In June 2021 a gold coin with a face value of $20 became the most expensive coin ever sold at auction when it sold for a record $18.9 million in New York. The 1933 gold double eagle is arguably the most notorious coin in the world because, with just this one exception, it is actually illegal to own one. It is therefore, quite literally, a coin that money can’t buy.
Added to its appeal is the fact that the design is a beautiful work of art. It was the brainchild of President Theodore Roosevelt, who was determined to put an end to coinage that was, in his words, “artistically of atrocious hideousness”. In January 1905 he invited the acclaimed sculptor Augustus Saint-Gaudens to a private dinner at the White House where the two men spoke enthusiastically about their love of the high-relief coins of ancient Greece.
The President asked the artist to design the gold double eagle, and Saint-Gaudens depicted a standing Liberty with a torch representing enlightenment in one hand and an olive branch symbolising peace in the other. Behind her is the Capitol building and rays of sunlight symbolising a new dawn. The name ‘LIBERTY’ appears above her head and the year of issue at her side. The reverse shows a side view of a majestic eagle in flight with the rays of the rising sun behind it. Above the eagle is the inscription ‘UNITED STATES OF AMERICA TWENTY DOLLARS’ and below it the motto ‘IN GOD WE TRUST’ which the public demanded to be added after Saint-Gaudens left it off his original high-relief version in 1907. A low-relief version was issued into circulation from 1907 to 1932.
It is ironic that the first President Roosevelt helped to create the beautiful double eagle, while the second President Roosevelt made it illegal to own one. In April 1933, President Franklin Roosevelt took radical action to stabilize the economy following the Great Depression by taking America off the gold standard. Gold was withdrawn from circulation and people were ordered to hand in any gold coins and bullion that they owned. The Mint had already struck 445,000 double eagles dated 1933. None went into circulation. Two were sent to the Smithsonian Museum and the rest were believed to have been melted down in 1937.
However, it soon transpired that a small number of 1933 dated double eagle coins had been illegally removed from the Mint. In early 1944 a Philadelphia coin dealer named Israel Switt sold ten to individual collectors. Treasury officials were alerted and tracked down the new owners to reclaim their stolen property. They retrieved nine, which were destroyed and no compensation was offered to Switt’s unlucky customers. However, they were too late to stop one from leaving the country bound for King Farouk of Egypt because it had been granted an export licence in error.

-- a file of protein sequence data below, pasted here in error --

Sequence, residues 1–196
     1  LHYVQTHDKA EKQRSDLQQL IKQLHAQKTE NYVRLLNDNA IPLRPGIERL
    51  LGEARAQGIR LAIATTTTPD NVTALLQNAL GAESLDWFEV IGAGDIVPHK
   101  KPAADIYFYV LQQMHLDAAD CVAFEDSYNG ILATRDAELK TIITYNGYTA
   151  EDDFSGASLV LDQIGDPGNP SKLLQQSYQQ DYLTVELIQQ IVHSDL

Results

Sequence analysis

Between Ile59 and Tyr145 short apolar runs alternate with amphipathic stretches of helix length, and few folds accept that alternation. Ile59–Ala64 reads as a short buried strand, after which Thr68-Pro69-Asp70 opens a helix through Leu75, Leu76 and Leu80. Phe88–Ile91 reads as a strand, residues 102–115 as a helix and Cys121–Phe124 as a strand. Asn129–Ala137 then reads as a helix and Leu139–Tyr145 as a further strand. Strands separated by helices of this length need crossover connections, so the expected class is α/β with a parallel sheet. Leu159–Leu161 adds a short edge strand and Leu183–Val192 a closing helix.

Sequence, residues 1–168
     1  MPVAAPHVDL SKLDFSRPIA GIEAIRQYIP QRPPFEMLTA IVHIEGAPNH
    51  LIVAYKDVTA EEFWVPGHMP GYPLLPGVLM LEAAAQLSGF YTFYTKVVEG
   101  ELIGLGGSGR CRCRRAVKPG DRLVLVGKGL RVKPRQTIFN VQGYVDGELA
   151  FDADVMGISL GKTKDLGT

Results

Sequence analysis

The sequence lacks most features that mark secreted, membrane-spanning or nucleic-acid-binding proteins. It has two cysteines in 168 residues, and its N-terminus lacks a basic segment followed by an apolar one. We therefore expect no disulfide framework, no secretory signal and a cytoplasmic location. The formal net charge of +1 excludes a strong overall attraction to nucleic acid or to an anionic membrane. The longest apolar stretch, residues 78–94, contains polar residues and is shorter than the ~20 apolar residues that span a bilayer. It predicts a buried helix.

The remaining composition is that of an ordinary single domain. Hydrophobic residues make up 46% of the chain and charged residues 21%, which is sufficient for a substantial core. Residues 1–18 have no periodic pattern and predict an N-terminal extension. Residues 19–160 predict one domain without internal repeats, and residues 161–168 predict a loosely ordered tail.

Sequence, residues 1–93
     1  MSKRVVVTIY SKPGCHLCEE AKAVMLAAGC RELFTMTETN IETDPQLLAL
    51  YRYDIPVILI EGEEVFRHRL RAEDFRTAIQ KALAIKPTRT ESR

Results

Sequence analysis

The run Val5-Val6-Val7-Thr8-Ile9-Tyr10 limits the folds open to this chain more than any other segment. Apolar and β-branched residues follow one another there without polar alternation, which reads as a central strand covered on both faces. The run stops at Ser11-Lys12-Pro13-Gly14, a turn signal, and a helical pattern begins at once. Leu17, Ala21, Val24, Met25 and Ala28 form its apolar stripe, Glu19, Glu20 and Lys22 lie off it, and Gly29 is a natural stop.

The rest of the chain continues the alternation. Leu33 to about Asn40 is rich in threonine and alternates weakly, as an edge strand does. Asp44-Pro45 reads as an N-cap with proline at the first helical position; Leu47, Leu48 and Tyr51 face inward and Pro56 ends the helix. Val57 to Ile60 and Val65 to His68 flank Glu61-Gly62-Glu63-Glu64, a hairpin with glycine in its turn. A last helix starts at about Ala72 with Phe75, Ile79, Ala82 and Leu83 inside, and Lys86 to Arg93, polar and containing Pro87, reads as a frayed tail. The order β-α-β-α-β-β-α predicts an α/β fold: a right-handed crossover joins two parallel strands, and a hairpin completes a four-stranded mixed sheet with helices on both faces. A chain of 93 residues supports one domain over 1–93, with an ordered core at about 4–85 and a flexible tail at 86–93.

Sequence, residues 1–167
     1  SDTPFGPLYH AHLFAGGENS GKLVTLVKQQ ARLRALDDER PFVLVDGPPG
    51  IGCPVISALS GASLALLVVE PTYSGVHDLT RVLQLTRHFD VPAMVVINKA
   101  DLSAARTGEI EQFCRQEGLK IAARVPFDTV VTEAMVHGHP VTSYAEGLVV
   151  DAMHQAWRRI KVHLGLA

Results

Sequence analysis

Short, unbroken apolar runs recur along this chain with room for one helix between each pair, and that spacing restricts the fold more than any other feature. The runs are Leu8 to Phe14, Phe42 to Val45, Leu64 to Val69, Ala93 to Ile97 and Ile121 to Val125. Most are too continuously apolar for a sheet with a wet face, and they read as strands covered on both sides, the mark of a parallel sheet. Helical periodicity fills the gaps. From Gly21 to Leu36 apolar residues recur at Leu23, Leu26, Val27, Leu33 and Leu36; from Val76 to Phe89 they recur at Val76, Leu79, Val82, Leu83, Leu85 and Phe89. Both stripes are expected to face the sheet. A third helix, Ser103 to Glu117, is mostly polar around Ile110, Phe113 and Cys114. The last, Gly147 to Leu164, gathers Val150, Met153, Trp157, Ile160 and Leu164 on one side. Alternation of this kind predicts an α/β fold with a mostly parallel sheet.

Unwilling to cause a diplomatic incident by demanding the return of a coin that had been granted an official export licence, the U.S. Government waited until the Egyptian king was overthrown in 1952 before they attempted to retrieve it. However, by then it had gone missing, and it did not resurface until 1995 when a London coin dealer Stephen Fenton brought it to New York to sell to a private collector. The prospective purchaser turned out to be a government agent, and the coin was seized. A long legal battle followed. In court, Fenton argued that the Government had provided written permission for the coin to be sold when they granted the export licence in 1944.
In 2001 the courts ruled that the coin should be sold at auction with the profits split between Fenton and the Government. This particular specimen was declared legal tender, and the winning bidder had to pay a fee of $20 for its face value along with their winning bid of $6.6 million. Together with the auctioneer’s fee, this added up to a total sale price $7.6 million.
Twenty years later, the coin was sold for $18.9 million by Sotheby’s in New York, making it the most expensive coin ever sold at auction. As a result of the official export licence granted in error, it remains the only 1933 double eagle that can be legally owned by a private individual.
There is a further twist to the tale. In 2003, Israel Switt’s grandson Roy Langbord found a safe deposit box that had belonged to his grandfather, which hadn’t been opened for fifty years. Inside he found a large number of gold coins, including another ten 1933 double eagles. When Langbord asked the Mint to authenticate them, they were promptly confiscated, and so he sued the government demanding their return.
Following a lengthy legal battle and appeals process, the court ruled that the coins were the property of the U.S. Government. The Langbord family appealed to the Supreme Court but in April 2017 they declined to reopen the case. Today, the ten double eagles reside in a secure government facility, most likely Fort Knox, while their ultimate fate is determined.